From what you’ve said, it seems Barcelona has many problems with it’s music industry, despite the generally high level of wealth seen around the city. What does the local record label situation look like here? If a label gives free recording sessions to an artist they believe in, so that they can record an album, then the artist will have gotten over the initial hump of financing their project. What then? Now they have a record. What’s so hard about promoting it? Can’t labels in Barcelona even do that?
It’s still difficult, and lets keep in mind that throwing money around doesn’t mean anything will work. Nowadays, the artist could be good and still not click. Look at Bruno Mars. He wasn’t able to sign an artist deal with anyone in the beginning. He was producing music for other artists for a long time. So why didn’t the labels give him an artist deal earlier than they did? Wasn’t he good? Of course he was. But he was half Puerto Rican and needed to change his name. Such a thing had nothing to do with his musical ability.
Ultimately, it’s very hard for me to say how to make a band successful. I’ve worked with many local bands of different genres, from reggae and dub to noise music, so what I can say is that “success” is mostly an accident. If that’s what you’re looking for as an aspiring musician, you have to change your definition of “success”. Does “success” mean getting laid or playing big venues? When I was in my early 20s, I thought my music was fantastic, but now that I’m older, I consider everything I did before 30 to be crap. I saw Radiohead play when I was 17, in the biggest venue in Barcelona, and I said to myself “I’m gonna play there one day “. Then I did that, a few years ago. Now what? In my time in this industry, I’ve had a lot of money and been really broke also. It comes and goes. So it reaches a point where if you think money is what makes a successful musician, you’ll quit, because you’ll think of yourself as unsuccessful for not being able to keep your income consistent.
That makes sense. But if you’re a producer, what are your prospects for work in Barcelona, given all the negative aspects of the industry? There’s always going to be new artists who need someone to help with their projects, right?
Yes, but there are very few of us who succeed in making it work. The few producers in Barcelona who run a studio do manage, despite the challenges, but there’s been a lot of reinvention of what it means to be a producer and a studio-owner. I’ve been struggling a lot with this since I closed my former studio, Tostadero.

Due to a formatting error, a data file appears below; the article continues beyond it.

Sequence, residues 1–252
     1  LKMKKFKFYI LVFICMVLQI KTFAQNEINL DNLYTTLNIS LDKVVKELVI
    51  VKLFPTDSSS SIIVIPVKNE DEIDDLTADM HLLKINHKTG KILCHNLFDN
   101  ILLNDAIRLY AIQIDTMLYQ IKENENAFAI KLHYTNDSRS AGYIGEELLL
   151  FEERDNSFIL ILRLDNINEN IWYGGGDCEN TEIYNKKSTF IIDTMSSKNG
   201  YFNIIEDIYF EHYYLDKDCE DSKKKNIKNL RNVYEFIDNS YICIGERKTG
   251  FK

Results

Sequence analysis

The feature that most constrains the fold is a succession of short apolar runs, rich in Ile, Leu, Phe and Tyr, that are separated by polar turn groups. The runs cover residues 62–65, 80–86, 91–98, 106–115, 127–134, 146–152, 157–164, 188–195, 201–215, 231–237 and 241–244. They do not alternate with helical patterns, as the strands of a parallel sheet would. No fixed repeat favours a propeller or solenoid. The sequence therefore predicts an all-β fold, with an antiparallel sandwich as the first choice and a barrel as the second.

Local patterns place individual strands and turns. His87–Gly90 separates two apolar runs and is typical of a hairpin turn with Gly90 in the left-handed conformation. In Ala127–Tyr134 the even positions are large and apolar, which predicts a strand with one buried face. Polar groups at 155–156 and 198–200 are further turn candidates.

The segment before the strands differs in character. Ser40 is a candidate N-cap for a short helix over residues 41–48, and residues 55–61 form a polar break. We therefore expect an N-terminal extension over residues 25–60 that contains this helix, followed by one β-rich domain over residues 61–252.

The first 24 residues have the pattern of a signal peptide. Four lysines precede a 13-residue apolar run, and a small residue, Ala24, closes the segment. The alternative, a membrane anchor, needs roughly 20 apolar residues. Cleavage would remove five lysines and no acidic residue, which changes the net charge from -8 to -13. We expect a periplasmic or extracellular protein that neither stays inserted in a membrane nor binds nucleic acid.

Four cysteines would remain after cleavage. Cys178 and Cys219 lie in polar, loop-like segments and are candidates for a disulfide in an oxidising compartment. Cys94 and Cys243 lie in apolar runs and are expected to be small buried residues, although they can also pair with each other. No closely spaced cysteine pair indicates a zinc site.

In political terms I’ve become increasingly anarchistic, and the more I look at it under that light, the more I think music shouldn’t be tied to money. I know it sounds idealistic, but we’re seeing the emergence of the kind of technology that would allow us to realize this kind of thing. I’m starting a new project with some big names in Spain who come from the old guard of the business, who are looking at cryptocurrency as a means to subvert what’s going on in the industry. For example, you could set up a blockchain that allows artists to get paid directly from streaming services. So we’re working on things like that.
In terms of the recording studio, let’s compare it to running a cab business. You can have a pretty successful studio with more or less the same investment that it takes to be a cab driver. A cab in Barcelona requires around €150,000 in capital. You have to buy both the car and the licence/medallion, which is quite expensive, around €120,000. So now you’ll make around €200 – €300 a day, minus gas and maintenance. A studio has the same start-up cost. You’ll spend around €150,000 upfront, and you can get a great studio for that. El Tostadero was made for that amount, and I recorded Placebo there. But as much as you can record good music in a studio like that, you’ll never make €300 a day. No way. You might get €600 in total after a few consecutive days of work, but there’ll be many days where you won’t make any money at all. And you’re going to need more than one person to run studio. Even if you’re the main producer and engineer, you’ll need an assistant. What if you’re booked for 48 hours shifts? You’ll need another main engineer to switch with you. You might even need a secretary to answer the phone and door. So ultimately you won’t even make as much as if you’d chosen to start a cab business.